Britain’s Covid Checkmate
In July Britain celebrated ‘Freedom Day’ with the dropping of Covid restrictions. The successful development, acquisition and mass roll out of vaccines meant that the population was protected enough to return to normality. ‘Peak Covid’ had passed, or so people thought. The arrival of Omicron signalled a new variant with what scientists described as an “eyewateringly high" infection rate.
Suddenly Britain’s hard-fought freedom from Covid has been plunged into uncertainty by Omicron. Indeed, the country is witnessing the coming together of several different crises into an emerging mega crisis. The first issue is that much is unknown about Omicron. Whilst few can doubt it is far more infectious than its predecessors, there is not yet the data on whether it is more lethal or not and quite how vaccine resistant it is. The time lag between discovering the variant and it raging out of control is what has pushed many scientific advisors to recommend the Government brings back ‘lock down’ policies but that is when Covid crashes into the politics of the day.
The Boris Johnson government has never been as weak as it is at this moment. Behind in the national polling, it recently suffered a historic byelection defeat in North Shropshire. One of the closest advisors to the Prime Minister and the man in charge of negotiating Brexit, Lord Frost, then resigned from the Government arguing he disagreed with the direction Johnson was taking in lieu of Omicron.
That direction was a fairly mild set of ‘Plan B’ policies which saw mask wearing mandatory again in shops and public transport and people told to work from home where they could. More serious restrictions suddenly came into view with Government Ministers reacting to record breaking rates of infection with a reminder that ‘all options’ were being considered. Yet the Government had another problem in the form of a series of damaging leaks and revelations seeming to show that Number 10, the epicentre of British political power, had been home to a series of events that would have been against the lockdown rules of the past 12-months.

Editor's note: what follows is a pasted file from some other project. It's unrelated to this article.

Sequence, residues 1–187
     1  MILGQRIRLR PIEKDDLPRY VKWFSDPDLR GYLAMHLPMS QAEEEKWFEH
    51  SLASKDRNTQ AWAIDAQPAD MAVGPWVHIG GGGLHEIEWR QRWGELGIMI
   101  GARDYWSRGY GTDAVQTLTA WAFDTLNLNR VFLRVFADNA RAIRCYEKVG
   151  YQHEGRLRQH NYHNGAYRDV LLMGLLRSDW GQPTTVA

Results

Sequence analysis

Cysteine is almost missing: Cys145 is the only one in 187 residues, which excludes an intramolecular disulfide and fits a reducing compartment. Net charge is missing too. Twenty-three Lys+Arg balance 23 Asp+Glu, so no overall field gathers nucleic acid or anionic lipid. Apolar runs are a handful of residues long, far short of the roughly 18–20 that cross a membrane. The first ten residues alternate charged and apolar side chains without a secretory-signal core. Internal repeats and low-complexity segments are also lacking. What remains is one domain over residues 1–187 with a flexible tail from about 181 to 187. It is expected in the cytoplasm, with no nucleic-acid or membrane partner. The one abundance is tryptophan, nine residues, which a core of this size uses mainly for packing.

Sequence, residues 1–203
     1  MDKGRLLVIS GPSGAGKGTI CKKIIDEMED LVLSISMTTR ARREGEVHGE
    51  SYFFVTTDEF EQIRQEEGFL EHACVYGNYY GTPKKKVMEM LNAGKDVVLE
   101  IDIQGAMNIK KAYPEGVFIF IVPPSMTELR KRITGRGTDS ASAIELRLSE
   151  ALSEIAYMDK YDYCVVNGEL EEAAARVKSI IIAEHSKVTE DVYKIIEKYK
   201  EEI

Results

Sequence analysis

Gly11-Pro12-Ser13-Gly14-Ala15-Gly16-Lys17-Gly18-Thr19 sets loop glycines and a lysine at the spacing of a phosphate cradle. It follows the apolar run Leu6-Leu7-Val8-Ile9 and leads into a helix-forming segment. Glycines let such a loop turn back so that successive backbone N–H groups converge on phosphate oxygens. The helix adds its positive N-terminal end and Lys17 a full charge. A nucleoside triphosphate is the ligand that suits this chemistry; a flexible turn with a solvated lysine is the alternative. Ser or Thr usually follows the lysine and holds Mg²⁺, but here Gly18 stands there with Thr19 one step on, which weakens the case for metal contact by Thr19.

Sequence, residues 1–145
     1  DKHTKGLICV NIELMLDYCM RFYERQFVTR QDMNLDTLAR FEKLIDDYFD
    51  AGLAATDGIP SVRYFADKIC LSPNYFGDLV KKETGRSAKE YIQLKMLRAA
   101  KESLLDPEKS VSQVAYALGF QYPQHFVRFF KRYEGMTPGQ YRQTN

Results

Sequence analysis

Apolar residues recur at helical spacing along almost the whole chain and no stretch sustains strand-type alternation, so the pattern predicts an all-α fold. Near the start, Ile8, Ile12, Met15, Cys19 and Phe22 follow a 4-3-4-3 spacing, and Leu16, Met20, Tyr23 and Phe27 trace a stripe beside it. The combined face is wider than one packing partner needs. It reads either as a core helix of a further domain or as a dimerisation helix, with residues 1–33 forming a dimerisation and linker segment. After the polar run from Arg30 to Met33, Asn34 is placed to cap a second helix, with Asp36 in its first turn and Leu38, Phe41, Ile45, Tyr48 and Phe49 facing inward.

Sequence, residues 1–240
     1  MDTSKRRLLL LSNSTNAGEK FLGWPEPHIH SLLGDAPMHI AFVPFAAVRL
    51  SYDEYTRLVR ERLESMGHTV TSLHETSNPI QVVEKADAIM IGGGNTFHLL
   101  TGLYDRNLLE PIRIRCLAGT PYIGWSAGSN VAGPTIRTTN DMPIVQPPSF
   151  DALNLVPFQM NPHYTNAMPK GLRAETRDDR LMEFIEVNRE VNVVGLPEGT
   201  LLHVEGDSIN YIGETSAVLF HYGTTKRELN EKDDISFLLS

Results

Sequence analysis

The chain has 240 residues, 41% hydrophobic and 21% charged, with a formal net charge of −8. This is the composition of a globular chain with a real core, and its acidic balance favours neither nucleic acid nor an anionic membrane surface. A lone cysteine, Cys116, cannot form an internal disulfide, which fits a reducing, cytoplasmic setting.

Whilst the public was banned from a range of normal life activities, such as attending the funerals of family and friends there were apparently a series of Christmas parties at Number 10, that sparked fury and a rolling avalanche of negative media headlines. Images and video footage of these events kept pouring fuel on the fire and have led some to argue that the Government has no credibility when it comes to imposing new restrictions considering its own adherence to its own rules in the past.
Within Johnson’s Conservative Party there is growing anger against any form of further curtailing of civil liberties. In the parliamentary vote to impose ‘Plan B’ policies 99 of his own MPs voted against the measures, which only thus passed due to the support of the Labour Opposition. Number 10 therefore knows that even if it wanted to push more serious restrictions it would unlikely be able to do so with the support of its own party. This is the checkmate that Johnson finds himself in at present.
The most obvious way out of course is if Omicron proves anywhere as near as bad as some of the projections have shown. This is the bind that surely Johnson is aware of having suffered a life-threatening bout of Covid himself back in 2020. An overwhelmed health care service is a very visceral thing to happen; ambulances backed up unable to unload patients, ICUs full, people being treated in corridors and of course the grim daily drip-drip of deaths.
Already the healthcare service is postponing non-essential operations, adding to a record backlog in people needing treatment. There is even talk of ‘virtual wards’ that will be expanded in a bid to prevent hospitals from being overwhelmed by Omicron, according to the Sunday Times. The measures could see around 15 per cent of Covid patients treated at home, with their oxygen levels monitored remotely.
Interestingly whilst the Government is checkmated, the British public are taking matters into their own hands. There have been mass cancellations of events indoors, holiday plans and the scale of families who come together this Christmas is likely to be far lower than a normal year. In short, a Government that cannot lead doesn’t guarantee a population in limbo, especially one that has lived through such an extended Covid era already.
BY: James Denselow